When asked about what attracted her to Bernice, Hickson pointed out the character’s “need to discover more about herself. Her persistence and hard-shelled attitude overlying a soft, sincere and authentic little girl just trying to be something bigger than her pre-determined mold.”
Pignut’s shell is as tough as crocodile skin and he also packs a ferocious bite, but Blue was careful to mine his emotional depths for the necessary contradictions that give all great characters their longevity. Hynes sears the screen with his red-hot performance and inhabits Pignut like De Niro inhabits Travis Bickle. Hynes also committed himself to a similar level of method acting to prepare for this role.
“Listen, I’ve always felt an alignment with the outsider and the outcast,” Hynes says. “I’ve BEEN one and in lots of ways I’m STILL one. So fuck ’em all. But I walk through the world with my share of compassion for the homeless and the hungry and the marginalized. I love addicts, alcoholics, scrappers, and freaks. And mostly I love survivors. Because I’m a fucking survivor.”
Although Hynes admits he didn’t have much respect for the gutter punk culture before this film, that all changed once he dug into the script and what makes Pignut tick.
“When I searched myself, with respect to taking on this role, I realized I looked upon them with a lot of judgment and dismissal. So I guess part of the attraction to this particular role was an opportunity to challenge my own ignorance. And by disappearing into that guy’s head, I was able to see the world through a new lens. What’s not to be attracted to?”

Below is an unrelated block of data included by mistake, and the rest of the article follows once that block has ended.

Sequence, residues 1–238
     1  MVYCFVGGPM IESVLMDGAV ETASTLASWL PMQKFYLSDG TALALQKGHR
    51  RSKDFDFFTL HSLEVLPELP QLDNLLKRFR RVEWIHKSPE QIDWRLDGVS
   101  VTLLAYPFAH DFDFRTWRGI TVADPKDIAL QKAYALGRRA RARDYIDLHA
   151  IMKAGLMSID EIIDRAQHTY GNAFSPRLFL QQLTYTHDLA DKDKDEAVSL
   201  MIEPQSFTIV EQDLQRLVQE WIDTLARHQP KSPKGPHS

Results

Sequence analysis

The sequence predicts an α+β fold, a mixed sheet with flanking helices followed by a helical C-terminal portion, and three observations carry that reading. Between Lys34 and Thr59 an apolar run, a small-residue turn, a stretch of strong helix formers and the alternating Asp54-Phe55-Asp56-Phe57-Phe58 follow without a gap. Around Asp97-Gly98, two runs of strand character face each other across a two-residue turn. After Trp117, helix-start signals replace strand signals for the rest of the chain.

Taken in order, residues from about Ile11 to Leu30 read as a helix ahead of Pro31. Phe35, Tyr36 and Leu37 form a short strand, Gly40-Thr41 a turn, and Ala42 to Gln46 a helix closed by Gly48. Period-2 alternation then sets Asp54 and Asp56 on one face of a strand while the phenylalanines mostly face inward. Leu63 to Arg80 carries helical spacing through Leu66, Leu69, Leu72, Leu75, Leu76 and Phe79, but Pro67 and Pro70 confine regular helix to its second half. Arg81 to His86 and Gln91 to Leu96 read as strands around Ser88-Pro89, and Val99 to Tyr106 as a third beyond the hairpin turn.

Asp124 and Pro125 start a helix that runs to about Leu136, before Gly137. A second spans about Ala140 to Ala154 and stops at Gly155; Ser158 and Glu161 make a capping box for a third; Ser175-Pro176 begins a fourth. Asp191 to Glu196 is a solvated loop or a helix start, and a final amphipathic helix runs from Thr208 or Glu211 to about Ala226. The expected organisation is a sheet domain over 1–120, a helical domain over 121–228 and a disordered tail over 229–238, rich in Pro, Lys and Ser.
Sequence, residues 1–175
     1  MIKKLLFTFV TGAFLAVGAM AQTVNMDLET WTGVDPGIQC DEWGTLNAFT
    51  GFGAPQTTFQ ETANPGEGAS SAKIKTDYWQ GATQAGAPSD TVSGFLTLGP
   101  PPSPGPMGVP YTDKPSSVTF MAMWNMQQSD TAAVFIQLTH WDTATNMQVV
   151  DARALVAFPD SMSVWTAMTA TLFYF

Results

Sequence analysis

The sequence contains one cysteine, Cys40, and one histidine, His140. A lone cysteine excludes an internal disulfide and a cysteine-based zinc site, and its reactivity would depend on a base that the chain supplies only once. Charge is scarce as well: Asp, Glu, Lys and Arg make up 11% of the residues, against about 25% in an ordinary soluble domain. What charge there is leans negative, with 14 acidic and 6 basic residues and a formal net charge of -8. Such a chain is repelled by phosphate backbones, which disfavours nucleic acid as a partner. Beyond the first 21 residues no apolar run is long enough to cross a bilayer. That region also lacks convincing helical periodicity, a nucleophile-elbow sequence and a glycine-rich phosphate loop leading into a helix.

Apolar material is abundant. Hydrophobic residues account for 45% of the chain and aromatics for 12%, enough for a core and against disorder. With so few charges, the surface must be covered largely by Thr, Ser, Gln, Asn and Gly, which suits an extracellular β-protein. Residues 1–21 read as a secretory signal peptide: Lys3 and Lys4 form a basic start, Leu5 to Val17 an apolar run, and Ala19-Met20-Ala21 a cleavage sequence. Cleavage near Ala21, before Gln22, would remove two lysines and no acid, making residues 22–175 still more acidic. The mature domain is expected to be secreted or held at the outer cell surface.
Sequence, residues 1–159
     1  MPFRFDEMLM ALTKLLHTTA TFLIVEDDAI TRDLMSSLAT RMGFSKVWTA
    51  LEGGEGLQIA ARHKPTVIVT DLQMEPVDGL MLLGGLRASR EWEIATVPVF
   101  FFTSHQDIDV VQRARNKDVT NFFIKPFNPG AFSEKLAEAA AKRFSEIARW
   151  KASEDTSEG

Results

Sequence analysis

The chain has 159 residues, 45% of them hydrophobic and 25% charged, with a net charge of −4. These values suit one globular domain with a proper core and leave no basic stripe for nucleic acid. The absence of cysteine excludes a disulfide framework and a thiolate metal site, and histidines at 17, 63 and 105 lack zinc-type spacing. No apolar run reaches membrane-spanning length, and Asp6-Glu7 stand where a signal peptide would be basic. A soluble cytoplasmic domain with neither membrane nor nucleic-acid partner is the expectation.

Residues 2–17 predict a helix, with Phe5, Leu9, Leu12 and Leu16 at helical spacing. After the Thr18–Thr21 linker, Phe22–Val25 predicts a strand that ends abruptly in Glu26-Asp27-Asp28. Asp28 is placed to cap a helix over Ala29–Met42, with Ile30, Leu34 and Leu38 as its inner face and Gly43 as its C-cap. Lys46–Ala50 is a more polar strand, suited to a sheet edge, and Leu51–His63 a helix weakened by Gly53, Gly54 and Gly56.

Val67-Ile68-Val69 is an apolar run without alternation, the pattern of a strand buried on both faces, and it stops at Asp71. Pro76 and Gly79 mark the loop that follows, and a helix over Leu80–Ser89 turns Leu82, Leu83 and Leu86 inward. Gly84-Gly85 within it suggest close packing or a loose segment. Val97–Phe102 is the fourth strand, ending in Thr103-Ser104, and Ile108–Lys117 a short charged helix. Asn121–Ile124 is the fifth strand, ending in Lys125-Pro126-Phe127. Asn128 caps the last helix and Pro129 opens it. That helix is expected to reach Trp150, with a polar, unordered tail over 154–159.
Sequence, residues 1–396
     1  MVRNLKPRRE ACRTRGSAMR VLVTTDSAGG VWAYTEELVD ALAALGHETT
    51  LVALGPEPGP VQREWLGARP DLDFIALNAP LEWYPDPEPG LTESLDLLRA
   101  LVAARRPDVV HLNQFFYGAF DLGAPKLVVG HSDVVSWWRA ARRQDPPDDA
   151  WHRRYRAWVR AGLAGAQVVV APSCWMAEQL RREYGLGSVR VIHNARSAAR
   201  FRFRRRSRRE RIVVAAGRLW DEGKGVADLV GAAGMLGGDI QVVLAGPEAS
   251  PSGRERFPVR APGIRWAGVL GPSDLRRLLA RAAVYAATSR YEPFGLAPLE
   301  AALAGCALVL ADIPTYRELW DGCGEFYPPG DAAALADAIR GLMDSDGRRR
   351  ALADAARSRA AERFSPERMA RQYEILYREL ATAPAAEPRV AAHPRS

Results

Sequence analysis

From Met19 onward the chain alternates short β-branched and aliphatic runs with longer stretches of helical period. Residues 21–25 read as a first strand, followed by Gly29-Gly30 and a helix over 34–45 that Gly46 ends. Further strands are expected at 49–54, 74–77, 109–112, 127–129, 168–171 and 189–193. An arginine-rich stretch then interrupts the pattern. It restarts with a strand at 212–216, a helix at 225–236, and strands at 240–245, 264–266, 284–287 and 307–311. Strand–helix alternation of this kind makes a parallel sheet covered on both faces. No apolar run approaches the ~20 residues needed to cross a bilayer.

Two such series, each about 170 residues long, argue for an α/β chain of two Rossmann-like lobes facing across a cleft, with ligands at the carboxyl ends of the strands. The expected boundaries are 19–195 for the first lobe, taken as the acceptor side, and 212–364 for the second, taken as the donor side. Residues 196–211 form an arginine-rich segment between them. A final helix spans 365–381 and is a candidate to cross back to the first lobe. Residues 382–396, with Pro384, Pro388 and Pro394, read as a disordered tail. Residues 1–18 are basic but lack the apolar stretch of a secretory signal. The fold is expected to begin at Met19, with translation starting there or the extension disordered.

“I put on his clothes and kept them on for the duration of the shoot. I let myself get fucking dirty. I slept in the woods and ate berries and one day I even went dumpster diving behind Coleman’s in Mount Pearl. I washed my face in Tim Horton’s bathrooms.
“I put on his clothes and kept them on for the duration of the shoot. I let myself get fucking dirty. I slept in the woods and ate berries and one day I even went dumpster diving behind Coleman’s in Mount Pearl. I washed my face in Tim Horton’s bathrooms. I roamed the streets in the nighttime in these ragged combat pants with my hood up and my face covered in tattoos and a big matted beard and I watched people cross to the other side of the street rather than interact with me. I suddenly realized that I wasn’t welcome in this restaurant or that convenience store.